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'Shame'-sex marriage? Rabbis clash over Bill

    Baroness Neuberger (Photo: John Rifkin)
    Baroness Neuberger (Photo: John Rifkin)

    The Federation of Synagogues this week launched a blistering attack on Board of Deputies president Vivian Wineman for failing to back his interfaith adviser in opposing same-sex marriage.

    Federation Beth Din head Dayan Yisroel Lichtenstein said that “in his burning desire to represent all strands of Judaism, Mr Wineman winds up representing no one and has only brought shame to the Jewish community”.

    On Monday Mr Wineman dissociated the Board from a letter, co-signed by its interfaith adviser Rabbi Natan Levy, which called on the government to halt legislation to approve same-sex weddings.

    Rabbi Levy, the former minister of Shenley United Synagogue, was the only Jewish figure to put his name to the letter to the Daily Telegraph, which was signed by more than 50 people, predominantly Christian or Muslim.

    They wrote that it had been “wrongly assumed that opposition to the redefinition of marriage is confined to a small number of Christians”.

    Mr Wineman said that Rabbi Levy had signed the letter “in a personal capacity” and, while entitled to his views, they “do not represent those of the Board”.

    The Board was “cross-communal”, Mr Wineman said, “and has worked with civil servants and ministers to ensure that the final legislation works to allow each denomination of Judaism to practise their chosen beliefs as they best see fit and to ensure that no-one is obliged to act contrary to his own beliefs.”

    Other signatories of the letter included the Anglican Bishop of Bristol Michael Hill, Sheikh Abdul Qayum of the East London Mosque and controversial preacher Sheikh Haitham al-Haddad.

    Dayan Lichtenstein said that it was “a sad day” when "the rabbi’s attempt to publicise the Torah view on this matter was quashed by a lay leader of Anglo-Jewry.

    “The Torah view on homosexuality is clear. It is a forbidden relationship and the Talmud praises those non-Jews who refuse to legitimise it.”

    While the Board prided itself on defending such Jewish institutions as shechitah and brit milah, he said that “to protest against legitimising homosexual relationships was no less important from a Torah view”.

    He added: “And yet when the board’s rabbi on interfaith matters, Rabbi Natan Levy, courageously states the Torah’s view, instead of being applauded, the president of the Board of Deputies rushes to assure everyone that Rabbi Levy did not speak on behalf of the Board.”

    Dayan Lichtentstein queried whether the Board had consulted its ecclesiastical authorities, including Chief Rabbi Lord Sacks, whose view, he maintained, was “well-known”.

    Suggesting that Mr Wineman’s position reflected a wish “not to upset some of the non-Orthodox movements”, he remarked: “It sadly appears that Orthodoxy cannot rely on the Board of Deputies.”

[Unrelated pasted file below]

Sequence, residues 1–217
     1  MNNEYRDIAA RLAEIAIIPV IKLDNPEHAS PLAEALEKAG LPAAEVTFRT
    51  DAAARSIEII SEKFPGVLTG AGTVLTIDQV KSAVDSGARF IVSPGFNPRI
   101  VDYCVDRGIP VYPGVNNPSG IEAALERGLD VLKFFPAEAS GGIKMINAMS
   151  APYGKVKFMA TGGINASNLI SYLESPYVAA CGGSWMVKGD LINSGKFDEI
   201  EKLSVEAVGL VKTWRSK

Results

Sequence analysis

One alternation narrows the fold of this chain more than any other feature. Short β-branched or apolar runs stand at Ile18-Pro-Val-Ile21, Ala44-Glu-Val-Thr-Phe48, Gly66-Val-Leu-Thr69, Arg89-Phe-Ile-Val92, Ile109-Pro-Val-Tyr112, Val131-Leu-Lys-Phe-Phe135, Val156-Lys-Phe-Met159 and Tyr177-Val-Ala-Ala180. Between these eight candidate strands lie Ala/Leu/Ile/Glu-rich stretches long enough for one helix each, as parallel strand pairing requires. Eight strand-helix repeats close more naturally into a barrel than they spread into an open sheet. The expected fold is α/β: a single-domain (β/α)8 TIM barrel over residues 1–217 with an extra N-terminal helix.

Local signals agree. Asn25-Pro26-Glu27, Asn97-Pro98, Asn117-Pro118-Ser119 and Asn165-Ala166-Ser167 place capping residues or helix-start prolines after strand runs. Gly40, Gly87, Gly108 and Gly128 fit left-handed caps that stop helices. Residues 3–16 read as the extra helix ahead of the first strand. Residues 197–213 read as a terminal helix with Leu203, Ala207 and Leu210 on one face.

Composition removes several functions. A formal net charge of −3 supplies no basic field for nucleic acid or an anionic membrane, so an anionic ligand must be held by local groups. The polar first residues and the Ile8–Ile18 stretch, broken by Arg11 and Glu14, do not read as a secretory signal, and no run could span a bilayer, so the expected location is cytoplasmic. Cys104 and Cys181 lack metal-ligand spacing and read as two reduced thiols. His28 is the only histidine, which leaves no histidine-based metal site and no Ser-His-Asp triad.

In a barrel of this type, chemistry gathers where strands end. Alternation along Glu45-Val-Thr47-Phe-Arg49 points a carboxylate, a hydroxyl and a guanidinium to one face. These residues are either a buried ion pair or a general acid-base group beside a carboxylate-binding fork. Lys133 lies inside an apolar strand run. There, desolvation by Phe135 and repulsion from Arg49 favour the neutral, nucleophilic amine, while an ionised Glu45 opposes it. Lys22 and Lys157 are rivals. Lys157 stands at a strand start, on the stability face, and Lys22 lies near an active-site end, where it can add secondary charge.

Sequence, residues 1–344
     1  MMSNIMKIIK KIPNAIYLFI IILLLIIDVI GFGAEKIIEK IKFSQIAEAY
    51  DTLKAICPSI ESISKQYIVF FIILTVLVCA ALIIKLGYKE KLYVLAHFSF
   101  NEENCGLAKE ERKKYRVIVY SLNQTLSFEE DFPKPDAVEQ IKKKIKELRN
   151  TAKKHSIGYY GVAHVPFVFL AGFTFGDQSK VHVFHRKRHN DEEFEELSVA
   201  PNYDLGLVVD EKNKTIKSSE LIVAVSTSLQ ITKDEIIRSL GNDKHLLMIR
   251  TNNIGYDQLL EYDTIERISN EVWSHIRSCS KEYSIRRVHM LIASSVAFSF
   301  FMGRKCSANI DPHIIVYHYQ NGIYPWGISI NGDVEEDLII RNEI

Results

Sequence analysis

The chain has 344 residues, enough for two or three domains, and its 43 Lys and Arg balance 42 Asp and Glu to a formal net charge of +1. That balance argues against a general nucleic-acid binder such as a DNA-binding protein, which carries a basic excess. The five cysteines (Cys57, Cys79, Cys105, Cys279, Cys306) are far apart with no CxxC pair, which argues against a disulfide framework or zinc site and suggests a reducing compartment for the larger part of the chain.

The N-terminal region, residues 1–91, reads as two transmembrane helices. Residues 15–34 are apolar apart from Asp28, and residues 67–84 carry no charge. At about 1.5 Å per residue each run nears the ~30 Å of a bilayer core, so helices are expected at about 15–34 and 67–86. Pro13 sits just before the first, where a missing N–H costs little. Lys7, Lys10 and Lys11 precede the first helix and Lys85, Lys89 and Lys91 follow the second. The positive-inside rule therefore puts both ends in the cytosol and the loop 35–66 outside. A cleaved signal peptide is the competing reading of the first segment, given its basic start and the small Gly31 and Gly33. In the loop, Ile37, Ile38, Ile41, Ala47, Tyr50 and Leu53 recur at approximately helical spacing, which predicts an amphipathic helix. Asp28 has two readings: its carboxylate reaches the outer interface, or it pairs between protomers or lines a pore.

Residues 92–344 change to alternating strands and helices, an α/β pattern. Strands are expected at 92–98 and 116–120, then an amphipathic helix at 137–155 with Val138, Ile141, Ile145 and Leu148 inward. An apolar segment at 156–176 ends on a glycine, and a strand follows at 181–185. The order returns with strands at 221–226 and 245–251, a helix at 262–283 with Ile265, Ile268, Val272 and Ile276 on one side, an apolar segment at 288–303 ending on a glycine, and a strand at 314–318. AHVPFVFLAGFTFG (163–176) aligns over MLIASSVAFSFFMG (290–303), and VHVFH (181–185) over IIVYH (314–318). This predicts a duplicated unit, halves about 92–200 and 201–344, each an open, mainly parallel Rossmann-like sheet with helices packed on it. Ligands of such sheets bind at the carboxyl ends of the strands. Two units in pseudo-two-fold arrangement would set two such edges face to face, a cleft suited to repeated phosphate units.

Lord Sacks did not attend this week’s debate when the Lords voted by a massive majority to allow the same-sex legislation to proceed.

    Jewish peers voted by six to one against an amendment attempting to block it.

    Speaking in favour of the government’s Bill, Baroness Neuberger said that at her West London Synagogue, there were around 30 gay couples, most in civil partnerships, who were “waiting for the day when they can marry under the chuppah, the wedding canopy, with their parents under that canopy, witnessing them make their vows.”

    The legislation was about “righting a wrong”, she said.

    “I expect the first days after it becomes law, as I hope it does, to consist of marriage after marriage in my synagogue, bringing joy, equality and renewed commitment to people who, until this point, have been denied it.”

    Two weeks ago, Lord Sacks publicly denied that he had “come out strongly” against the Bill and said that, while Judaism had clear sexual ethics, “religions should never seek to impose their view on society as a whole”.

    His comments struck a different tone from the response of his own rabbinical court, the London Beth Din, to a government consultation on same-sex marriage last year. Opposing legislation for both civil and religious marriage for same-sex couples, the Beth Din – of which Lord Sacks is the titular head – said that this would undermine the concept of marriage.

    Karen Newman, spokesman for the Jewish Gay and Lesbian Group, commenting on Lord Sacks’s recent comments, said; “Given the raucous voices with which he is surrounded urging him to be stridently opposed, I think his commitment to acknowledging, whether tacitly or overtly, the diversity within the present Anglo-Jewish community is truly impressive, choosing, wherever possible, not to align himself with the views of those comfortable with upholding discrimination.”

    She also welcomed the Board’s move to distance itself from the views of its interfaith adviser.

    Welcoming the vote, the co-chairman of Liberal Judaism’s rabbinic conference, Rabbi Aaron Goldstein, said: “We are now looking forward to celebrating the first fully legal and fully Jewish marriage under a Liberal chupah”.

    Under the proposed law, religious organisations who are opposed to same-sex ceremonies will remain exempt from having to perform them.

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